A little awareness on Congenital Heart defects in babies and kids… and my daughters story.

    Hi everyone!  This post is going to be long and hard to type, but I want to share this to help someone out there that thinks something is wrong with their baby…   I honestly don’t know where to start, so I’ll just start at the beginning of my beautiful daughter Sarah’s birth.  About 6 years ago I had a hard pregnancy and long labor.  It seemed as though my beautiful baby wasn’t ready to be brought into the world  yet… and maybe that was the case.  My firstborn was born a natural birth and came when she was ready… however, with Sarah I decided to have her induced.  I honestly can’t pinpoint  why I wanted to, but I guess the prospect of being able to have her when I was ready seemed like a good idea.
After being in labor for about 8 or 9 hours and pushing unsuccessfully, the doctor decided to do a c-section.  I won’t lie, I was very scared.  They kept giving more and more drugs to calm me down and literally had to strap me down.  After I was calm they got her out and I didn’t hear her cry….  I started to panic again and screamed why isn’t she crying?  Finally after a bit she started to cry a little bit.  Once she really started to cry they laid her in my arms and I kissed her little round cheek…. She was beautiful in every way.
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Fast forward to a couple of months later…
Something in every cell of my body told me something was wrong.  She wouldn’t stop crying, she wouldn’t finish her bottles, and she wouldn’t put on weight.  I took her to the doctor and everything looked and sounded fine.  Fast forward to about 4 months later and I still had that nagging suspicion that something was off… Something was wrong with my baby.  She wouldn’t roll, she couldn’t sit up, and she was sweating profusely when she would drink her bottles.  Not to mention she wouldn’t stop crying and her feet and hands were swollen.  I called her doctors office and told the nurse on the phone that something was very wrong.  I told her my daughters symptoms and could sense alarm in her voice as she asked me questions.  After she told the doctor what I told her, they said I needed to bring her in immediately.  I didn’t hesitate, I drove swiftly to their office and the doctor there immediately listened to her heart.  She looked at me with a frown and said with a bit of concern I needed to take her to the hospital for a echo cardiogram.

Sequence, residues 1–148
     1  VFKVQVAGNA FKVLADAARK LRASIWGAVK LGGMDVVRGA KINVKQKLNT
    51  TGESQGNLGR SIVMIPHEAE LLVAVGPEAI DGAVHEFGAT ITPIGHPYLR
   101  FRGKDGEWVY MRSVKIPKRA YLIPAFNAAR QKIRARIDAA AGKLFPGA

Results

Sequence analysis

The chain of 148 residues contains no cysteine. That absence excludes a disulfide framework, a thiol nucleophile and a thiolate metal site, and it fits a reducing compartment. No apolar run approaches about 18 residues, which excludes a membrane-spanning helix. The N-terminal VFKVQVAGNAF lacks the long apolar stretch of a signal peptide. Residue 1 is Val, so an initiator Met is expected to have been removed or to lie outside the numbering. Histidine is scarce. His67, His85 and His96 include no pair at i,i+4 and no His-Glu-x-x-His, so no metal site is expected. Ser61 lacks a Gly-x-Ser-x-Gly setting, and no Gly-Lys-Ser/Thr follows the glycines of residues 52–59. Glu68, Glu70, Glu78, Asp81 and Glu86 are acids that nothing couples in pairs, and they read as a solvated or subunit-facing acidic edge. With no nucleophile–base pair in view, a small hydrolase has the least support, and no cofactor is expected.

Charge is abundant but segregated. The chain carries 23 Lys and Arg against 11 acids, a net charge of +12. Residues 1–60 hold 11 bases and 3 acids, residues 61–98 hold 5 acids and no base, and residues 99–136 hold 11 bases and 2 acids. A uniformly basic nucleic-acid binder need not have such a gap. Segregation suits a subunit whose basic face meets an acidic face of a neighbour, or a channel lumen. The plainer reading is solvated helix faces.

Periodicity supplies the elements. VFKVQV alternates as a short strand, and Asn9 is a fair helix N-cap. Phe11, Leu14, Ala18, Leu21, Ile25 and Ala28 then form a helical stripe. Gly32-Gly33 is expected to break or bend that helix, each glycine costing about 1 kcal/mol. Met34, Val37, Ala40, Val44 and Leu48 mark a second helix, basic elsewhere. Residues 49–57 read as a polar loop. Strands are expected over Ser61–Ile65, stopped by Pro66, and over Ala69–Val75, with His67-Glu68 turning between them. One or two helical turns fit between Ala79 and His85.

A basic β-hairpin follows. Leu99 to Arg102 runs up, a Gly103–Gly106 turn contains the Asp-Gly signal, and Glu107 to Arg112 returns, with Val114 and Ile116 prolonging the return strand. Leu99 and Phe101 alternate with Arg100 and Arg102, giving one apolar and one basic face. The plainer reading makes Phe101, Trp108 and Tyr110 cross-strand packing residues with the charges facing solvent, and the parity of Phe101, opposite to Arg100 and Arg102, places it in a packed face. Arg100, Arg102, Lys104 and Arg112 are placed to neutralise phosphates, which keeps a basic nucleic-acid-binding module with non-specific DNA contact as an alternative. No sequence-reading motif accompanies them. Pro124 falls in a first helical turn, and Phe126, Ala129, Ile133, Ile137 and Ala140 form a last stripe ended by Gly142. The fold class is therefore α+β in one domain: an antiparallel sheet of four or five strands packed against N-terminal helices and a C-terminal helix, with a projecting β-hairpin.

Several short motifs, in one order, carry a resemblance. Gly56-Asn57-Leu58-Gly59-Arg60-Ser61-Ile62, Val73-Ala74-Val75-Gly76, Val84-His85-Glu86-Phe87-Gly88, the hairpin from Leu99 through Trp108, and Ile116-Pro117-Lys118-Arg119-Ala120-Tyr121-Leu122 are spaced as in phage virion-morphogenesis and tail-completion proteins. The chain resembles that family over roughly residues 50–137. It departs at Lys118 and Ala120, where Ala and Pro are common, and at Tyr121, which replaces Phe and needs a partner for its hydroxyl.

I then trekked over to the hospital and had the echo done.  I kept asking the tech what he saw, but he wouldn’t tell me.  He just kept saying that he couldn’t tell me, only the doctor could.  After they were finished, they left the room and came back with Sarah’s pediatrician.  Her doctor looked at me and told me that she had to go to the emergency room, and that she was in heart failure.  Her doctor then hugged me as I cried.  They brought a gurney in the room and rolled her to the E.R.  I immediately broke down as the doctor told me what it meant and what was wrong.  Sarah reached for me as they rolled her away and started to cry.  I thought that congestive heart failure meant she was dying right then and there and started to panic.  I rushed outside to my husband while he was waiting in the vehicle with our oldest daughter.
I could barely talk, I could barely see from my tears… he got out and hugged me asking where Sarah was and asking what’s wrong.  I told him what the doctors told me and he looked shocked and sad.  We hugged again and headed back inside the hospital to be with Sarah.  I could hear her cry echo through the hallways and started to cry again as I saw the nurses attempt to put an I.V. into her little arm.  As soon as she saw me, her crying intensified.  I sat her in my lap while they worked on her, and then one of the staff told me that they were going to take her to Kosair Children’s Hospital in Louisville on their helicopter.  I asked why, and they said that the bigger hospitals were better to care for babies.